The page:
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Columns: Boomer Bucks
Barbara Mlotek Whelehan   Expert: Barbara Mlotek Whelehan
Boomer Bucks
"Working" does not appear in the definition of "retired"
Boomer Bucks

Retiring on your own terms

Pop quiz: What do these terms have in common?
Working stiff.
Working retiree.

Answer: First, both share a word. Second, both are oxymorons. Third, both describe an ever-growing segment of the older population.

In 1993, roughly three out of 10 Americans age 55 or older worked. By 2005, the numbers increased to four out of 10, according to a new research report from the Employee Benefit Research Institute, or EBRI. Those numbers are expected to trend higher.

Of these, the percentage working full-time year-round increased from 54 percent in 1993 to 64 percent in 2005.

Are you heartened or discouraged by this information? One could argue that it all depends on if you see it as the proverbial half-full or half-empty glass.

The half-empty perspective
Craig Copeland of EBRI says people are working because they must. In his words, "These trends mark a significant change in behavior for individuals in these age groups, and are likely driven by their need to obtain affordable employment-based health insurance (as opposed to unaffordable or unavailable coverage in the individual market) and the need to continue to accumulate savings in employment-based defined contribution retirement plans."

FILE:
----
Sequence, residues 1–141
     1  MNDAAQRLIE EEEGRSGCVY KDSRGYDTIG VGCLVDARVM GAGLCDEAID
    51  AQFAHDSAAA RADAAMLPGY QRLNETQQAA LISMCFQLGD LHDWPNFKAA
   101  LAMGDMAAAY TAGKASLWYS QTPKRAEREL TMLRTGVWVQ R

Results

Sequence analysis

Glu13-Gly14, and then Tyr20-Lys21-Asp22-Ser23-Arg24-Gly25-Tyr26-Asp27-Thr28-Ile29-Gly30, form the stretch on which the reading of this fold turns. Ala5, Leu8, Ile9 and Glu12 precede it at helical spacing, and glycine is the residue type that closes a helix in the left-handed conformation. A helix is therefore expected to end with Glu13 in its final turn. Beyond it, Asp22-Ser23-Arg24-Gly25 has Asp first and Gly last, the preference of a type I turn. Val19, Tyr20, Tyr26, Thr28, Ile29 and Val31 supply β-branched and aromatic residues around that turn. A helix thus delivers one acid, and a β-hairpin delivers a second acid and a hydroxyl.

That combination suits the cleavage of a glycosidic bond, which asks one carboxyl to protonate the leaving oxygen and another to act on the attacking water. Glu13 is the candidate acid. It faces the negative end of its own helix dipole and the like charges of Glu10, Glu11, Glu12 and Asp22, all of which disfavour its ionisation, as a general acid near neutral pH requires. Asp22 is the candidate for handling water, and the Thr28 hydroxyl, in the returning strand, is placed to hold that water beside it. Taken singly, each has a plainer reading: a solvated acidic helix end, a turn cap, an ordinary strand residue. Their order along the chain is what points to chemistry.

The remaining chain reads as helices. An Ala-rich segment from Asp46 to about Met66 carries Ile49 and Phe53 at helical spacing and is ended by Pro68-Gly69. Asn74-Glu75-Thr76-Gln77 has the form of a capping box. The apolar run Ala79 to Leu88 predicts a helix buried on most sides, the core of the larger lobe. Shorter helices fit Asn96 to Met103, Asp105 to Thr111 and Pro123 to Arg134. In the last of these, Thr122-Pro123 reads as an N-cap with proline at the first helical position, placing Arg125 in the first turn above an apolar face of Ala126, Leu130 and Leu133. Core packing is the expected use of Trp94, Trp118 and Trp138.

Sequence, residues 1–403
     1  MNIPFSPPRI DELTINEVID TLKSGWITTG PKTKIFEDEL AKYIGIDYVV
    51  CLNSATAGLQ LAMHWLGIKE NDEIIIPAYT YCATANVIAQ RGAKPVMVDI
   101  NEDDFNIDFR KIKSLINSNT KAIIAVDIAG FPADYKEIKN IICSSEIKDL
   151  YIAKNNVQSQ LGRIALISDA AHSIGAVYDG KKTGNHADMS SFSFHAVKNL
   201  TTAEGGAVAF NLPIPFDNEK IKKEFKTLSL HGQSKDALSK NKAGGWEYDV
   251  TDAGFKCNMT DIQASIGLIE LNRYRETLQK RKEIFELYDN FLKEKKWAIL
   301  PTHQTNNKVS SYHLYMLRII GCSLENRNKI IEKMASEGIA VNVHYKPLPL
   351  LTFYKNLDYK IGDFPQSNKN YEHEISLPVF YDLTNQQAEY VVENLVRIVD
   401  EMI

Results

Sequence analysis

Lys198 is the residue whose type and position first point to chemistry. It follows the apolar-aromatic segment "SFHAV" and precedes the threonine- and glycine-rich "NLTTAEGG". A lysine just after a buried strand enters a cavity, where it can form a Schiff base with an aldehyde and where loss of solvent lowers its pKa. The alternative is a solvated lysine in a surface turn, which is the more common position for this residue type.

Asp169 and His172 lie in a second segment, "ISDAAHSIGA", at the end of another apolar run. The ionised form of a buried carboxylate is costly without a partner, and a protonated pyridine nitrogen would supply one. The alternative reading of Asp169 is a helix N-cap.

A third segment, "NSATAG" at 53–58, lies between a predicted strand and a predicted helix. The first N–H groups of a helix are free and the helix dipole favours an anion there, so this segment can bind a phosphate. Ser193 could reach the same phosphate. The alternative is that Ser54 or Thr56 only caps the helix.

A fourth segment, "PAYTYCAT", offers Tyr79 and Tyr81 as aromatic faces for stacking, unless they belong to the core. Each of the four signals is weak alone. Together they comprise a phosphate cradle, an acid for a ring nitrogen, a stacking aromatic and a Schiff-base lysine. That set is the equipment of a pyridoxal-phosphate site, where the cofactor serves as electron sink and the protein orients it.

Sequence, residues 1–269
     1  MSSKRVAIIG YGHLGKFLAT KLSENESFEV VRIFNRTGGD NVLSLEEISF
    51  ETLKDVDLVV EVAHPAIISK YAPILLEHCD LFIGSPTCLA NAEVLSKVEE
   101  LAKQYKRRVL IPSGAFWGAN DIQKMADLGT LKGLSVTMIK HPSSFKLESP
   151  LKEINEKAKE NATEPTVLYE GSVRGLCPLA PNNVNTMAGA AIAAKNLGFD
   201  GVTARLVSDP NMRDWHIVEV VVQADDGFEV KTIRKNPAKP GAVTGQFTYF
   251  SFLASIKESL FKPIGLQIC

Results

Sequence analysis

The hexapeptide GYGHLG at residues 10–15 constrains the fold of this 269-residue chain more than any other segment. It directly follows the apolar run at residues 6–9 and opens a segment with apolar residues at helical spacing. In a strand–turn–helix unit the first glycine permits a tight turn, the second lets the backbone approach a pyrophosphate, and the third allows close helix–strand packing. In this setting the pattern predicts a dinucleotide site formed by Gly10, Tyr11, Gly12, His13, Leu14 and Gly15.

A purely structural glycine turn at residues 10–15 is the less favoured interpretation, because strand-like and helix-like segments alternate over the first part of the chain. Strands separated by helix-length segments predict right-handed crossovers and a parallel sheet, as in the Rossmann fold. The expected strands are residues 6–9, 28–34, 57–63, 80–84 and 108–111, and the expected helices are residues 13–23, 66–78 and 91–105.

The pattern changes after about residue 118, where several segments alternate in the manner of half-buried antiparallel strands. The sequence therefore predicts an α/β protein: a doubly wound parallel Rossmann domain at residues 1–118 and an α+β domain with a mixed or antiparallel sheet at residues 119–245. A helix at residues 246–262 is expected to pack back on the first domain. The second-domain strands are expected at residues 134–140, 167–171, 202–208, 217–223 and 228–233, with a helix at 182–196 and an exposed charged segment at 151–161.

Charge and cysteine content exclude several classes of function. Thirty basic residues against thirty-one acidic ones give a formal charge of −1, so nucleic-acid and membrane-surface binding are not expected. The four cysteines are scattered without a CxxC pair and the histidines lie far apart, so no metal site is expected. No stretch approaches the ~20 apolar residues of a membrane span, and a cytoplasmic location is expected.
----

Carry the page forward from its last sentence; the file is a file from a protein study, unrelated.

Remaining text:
Hmmm. A decidedly half-empty outlook, if you ask me.

The bad news gets worse: For those in the 65- to 69-year-old category -- those who are certainly entitled to say "been there, done that" about work -- three out of 10 remain in the workforce, compared with two out of 10 in 1985.

Do you think that they're working because they want to?

The half-full version
A colleague recently sent me a marketing presentation that casts a rosy glow on the work-in-retirement phenomenon. Called "The Changing Definition of Retirement," it states:

Retirement = NOT working until you're 65
NOT quitting work altogether
NOT spending all your time on leisure activities and travel

The factors driving change in retirement include:

  • Increasing affluence of baby boomers
  • Steady increases in health and longevity, allowing for more active lifestyles
  • A growing recognition of the psychological importance of work to personal satisfaction

That is definitely the most positive way to spin the predicament of Americans who continue to plod forward on the work treadmill. But this presentation was put together by a marketing research outfit that wants to sell its services to financial firms that target the baby boomer market.

Americans deluding themselves
To be fair, that marketing firm didn't pull its facts out of thin air. There's been a lot of talk in recent years about the changing definition of retirement. Much of it is based on what Americans themselves say about working in retirement.

More than three-quarters of today's workers -- a full 77 percent of working Americans -- expect to work for a paycheck after they retire, according to a report by the Pew Research Center. Here's the kicker: Most say they'll work because they want to, not because they have to.

Next: "The reason people will work in retirement"
Page | 1 | 2 | 3 |

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